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Airbags inflate in moderate to high speed impacts. Along
with seat belts and pretensioners, front airbags work with
the instrument panel knee bolsters to provide improved
protection for the driver and front passenger. Side airbags
also work with seat belts to improve occupant protection.
The seat belts are designed to protect you in many types
of collisions. The front airbags deploy in moderate to
severe frontal collisions. If your vehicle is equipped, the
side airbag on the crash side of the vehicle is triggered in
moderate to severe side collisions. In certain types of
collisions, both the front and side airbags may be trig-
gered. But even in collisions where the airbags work, you
need the seat belts to keep you in the right position for
the airbags to protect you properly.
Here are some simple steps you can take to minimize the
risk of harm from a deploying airbag.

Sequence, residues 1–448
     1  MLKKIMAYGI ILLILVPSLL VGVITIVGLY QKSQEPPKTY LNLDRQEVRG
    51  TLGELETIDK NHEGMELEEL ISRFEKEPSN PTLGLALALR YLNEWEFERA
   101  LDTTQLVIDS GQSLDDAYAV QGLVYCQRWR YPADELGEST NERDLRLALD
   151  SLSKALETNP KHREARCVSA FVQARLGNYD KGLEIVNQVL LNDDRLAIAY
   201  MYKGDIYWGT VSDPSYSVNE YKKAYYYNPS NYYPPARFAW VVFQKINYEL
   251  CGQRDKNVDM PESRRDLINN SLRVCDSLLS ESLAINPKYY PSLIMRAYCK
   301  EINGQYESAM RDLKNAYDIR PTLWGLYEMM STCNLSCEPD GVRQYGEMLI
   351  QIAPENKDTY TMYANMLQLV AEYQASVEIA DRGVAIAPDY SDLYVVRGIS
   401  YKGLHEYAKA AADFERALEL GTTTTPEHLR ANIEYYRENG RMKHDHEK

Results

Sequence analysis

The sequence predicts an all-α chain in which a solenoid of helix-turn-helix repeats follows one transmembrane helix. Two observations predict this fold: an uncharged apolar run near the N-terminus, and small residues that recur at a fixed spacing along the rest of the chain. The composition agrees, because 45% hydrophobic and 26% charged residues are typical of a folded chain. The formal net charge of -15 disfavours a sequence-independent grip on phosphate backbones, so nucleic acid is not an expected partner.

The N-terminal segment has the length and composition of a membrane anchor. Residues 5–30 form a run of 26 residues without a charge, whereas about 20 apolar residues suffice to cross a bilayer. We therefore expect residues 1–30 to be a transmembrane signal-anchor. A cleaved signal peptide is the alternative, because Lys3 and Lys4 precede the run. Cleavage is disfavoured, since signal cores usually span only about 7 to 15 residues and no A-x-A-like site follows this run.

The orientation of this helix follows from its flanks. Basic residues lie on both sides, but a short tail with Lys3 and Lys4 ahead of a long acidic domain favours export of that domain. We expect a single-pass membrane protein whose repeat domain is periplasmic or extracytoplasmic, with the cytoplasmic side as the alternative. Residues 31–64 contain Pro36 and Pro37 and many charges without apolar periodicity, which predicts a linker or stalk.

1. Children 12 years old and under should always ride
buckled up in a rear seat.
Infants in rear facing child restraints should NEVER ride
in the front seat of a vehicle with a passenger front airbag.
An airbag deployment can cause severe injury or death to
infants in that position.
Children that are not big enough to properly wear the
vehicle seat belt (see Section on Child Restraints) should
be secured in the rear seat in child restraints or belt-
positioning booster seats. Older children who do not use
child restraints or belt-positioning booster seats should
ride properly buckled up in the rear seat. Never allow
children to slide the shoulder belt behind them or under
If a child from 1 to 12 years old must ride in the front
passenger seat because the vehicle is crowded, move the
seat as far back as possible, and use the proper child
restraint. Refer to the section on Child Restraint.
You should read the instructions provided with your
child restraint to make sure that you are using it properly.
42 THINGS TO KNOW BEFORE STARTING YOUR VEHICLE